Why Workplace Stress Is Harming Your Productivity & Your Staff

How Stress Affects the Individual

Stress can have very negative effects on individual people. Just how much stress impacts a person depends on several factors. This includes their levels of personal resilience, the coping mechanisms they can utilize, how severe the stress is, and how long the stress has been happening.

Whenever we feel challenged – taken out of our comfort zone – the body automatically initiates a survival mode called the stress response, commonly known as “fight or flight”. This is an inherent and ancient human trait; a survival mechanism that allows individuals to quickly respond to danger and return to a position or feeling of safety. To this day, the stress response serves as a way to cope appropriately with negative situations. Short term stress results in heightened awareness and thinking, elevated heart rate, increased muscle tension, strength and aggression, and momentarily decreased digestive and immune activity. This is simply the body preparing for immediate and decisive action in order to mitigate the perceived threat.

However, if the stress continues for extended periods – if this heightened state continues to run without ceasing – these symptoms can become harmful. The effects of prolonged or excessive stress include, amongst others, insomnia, anger, decreased appetite, binge eating, withdrawal, obsessive thinking, anxiety, depression and even chronic health conditions such as type II diabetes and asthma.

How Stress Affects the Workplace Environment

Even a single person who is experiencing the effects of prolonged or excessive stress can contribute to the development of an underlying tension in the workplace environment. It can quickly start a chain reaction, which may affect the entire company. Employees may lose motivation for work, and they certainly won’t want to stay late. They will half-heartedly do the work they once looked forward to.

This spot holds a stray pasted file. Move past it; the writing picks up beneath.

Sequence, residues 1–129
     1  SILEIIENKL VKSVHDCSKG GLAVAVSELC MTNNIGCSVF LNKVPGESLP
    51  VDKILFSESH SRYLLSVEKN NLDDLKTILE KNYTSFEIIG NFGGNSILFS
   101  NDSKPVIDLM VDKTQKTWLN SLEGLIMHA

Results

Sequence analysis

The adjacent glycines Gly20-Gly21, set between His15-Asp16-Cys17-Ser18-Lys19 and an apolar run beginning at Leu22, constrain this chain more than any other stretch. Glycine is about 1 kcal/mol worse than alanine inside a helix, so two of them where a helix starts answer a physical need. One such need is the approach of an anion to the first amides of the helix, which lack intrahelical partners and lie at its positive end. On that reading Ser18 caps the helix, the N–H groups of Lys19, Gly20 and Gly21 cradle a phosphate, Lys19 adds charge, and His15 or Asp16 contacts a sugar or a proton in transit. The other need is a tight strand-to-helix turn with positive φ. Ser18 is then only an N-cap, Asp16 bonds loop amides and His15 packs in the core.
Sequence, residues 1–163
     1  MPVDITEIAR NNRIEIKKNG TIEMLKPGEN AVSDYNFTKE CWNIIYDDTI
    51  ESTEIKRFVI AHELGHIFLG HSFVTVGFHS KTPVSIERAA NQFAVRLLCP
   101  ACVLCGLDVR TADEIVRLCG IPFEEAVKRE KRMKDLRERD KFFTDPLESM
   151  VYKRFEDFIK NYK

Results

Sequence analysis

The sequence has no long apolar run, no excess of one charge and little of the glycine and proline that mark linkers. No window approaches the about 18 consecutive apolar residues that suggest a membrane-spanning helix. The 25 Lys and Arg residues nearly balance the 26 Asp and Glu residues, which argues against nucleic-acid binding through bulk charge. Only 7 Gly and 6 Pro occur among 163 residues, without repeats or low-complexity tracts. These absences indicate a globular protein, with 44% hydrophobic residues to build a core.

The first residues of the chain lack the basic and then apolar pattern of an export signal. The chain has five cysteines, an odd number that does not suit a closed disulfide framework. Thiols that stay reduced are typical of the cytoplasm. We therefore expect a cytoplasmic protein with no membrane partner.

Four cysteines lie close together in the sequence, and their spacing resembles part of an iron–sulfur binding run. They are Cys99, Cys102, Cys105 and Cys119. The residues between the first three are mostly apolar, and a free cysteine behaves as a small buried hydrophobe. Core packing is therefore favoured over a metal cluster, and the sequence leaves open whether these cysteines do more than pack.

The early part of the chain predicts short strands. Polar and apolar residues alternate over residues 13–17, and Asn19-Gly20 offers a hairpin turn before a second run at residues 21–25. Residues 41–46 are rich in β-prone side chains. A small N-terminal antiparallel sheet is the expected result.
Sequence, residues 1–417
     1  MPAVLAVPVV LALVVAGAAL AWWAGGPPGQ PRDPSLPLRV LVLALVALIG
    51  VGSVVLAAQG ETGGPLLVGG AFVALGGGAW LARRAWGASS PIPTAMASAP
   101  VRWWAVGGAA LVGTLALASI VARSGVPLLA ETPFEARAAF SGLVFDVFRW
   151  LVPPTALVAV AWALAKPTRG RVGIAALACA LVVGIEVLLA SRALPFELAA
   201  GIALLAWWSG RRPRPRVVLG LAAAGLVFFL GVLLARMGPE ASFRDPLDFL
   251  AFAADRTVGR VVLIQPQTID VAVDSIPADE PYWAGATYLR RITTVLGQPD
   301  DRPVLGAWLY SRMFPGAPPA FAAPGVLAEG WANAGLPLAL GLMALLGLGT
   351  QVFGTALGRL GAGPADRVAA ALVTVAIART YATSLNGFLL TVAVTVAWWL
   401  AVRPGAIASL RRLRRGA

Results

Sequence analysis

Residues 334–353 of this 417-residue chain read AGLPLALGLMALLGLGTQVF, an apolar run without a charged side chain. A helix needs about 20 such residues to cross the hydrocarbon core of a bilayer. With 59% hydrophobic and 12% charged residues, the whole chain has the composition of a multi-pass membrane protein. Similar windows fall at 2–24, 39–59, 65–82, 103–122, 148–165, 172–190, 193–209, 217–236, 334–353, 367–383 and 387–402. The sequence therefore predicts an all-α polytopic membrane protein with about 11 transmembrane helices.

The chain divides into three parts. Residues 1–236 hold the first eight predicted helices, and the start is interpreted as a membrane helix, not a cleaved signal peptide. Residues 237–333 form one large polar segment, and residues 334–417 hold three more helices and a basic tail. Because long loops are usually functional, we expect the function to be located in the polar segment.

What to Do About It

The workplace will always have a certain amount of change. There is nothing that can be done about that. Things like restructures, changing deadlines, employee turnover, and difficult customers are going to happen. What is within your power is to develop and implement the policies necessary to provide your staff with the skills they need to self-manage the physical and psychological effects of change.

For your staff, a great resource is stress management training. This simple training will give them the coping skills necessary to better handle any challenge comes their way.

In terms of policies, ensure you enact a “zero tolerance” policy for workplace bullying, which is one of the primary factors of a stressful environment. Take a look at your overall approach and implement the changes required to make your company an even better place to work.

Sales Process Productivity: 5 Best Practices & 20 Key Questions

While many businesses make efforts to improve production, distribution, and various administrative work processes, it is less common to find organizations that focus on applying the fundamentals of Continuous Improvement to the sales process.

However, our research and experience indicate the selling process is more complex than many people realize. In addition, we have consistently found that the largest waste in most commercial and industrial organizations is lost gross margin that results from sales not made, sub-optimal pricing, and excessive costs in sales-related processes.

So, leaving aside the “selling skills” or “charisma” associated with those perceived as the most successful sellers, when you consider the day-to-day activities required of field-based or outside sales professionals, there are some proven best practices that can help boost field-day efficiency, which include the following five: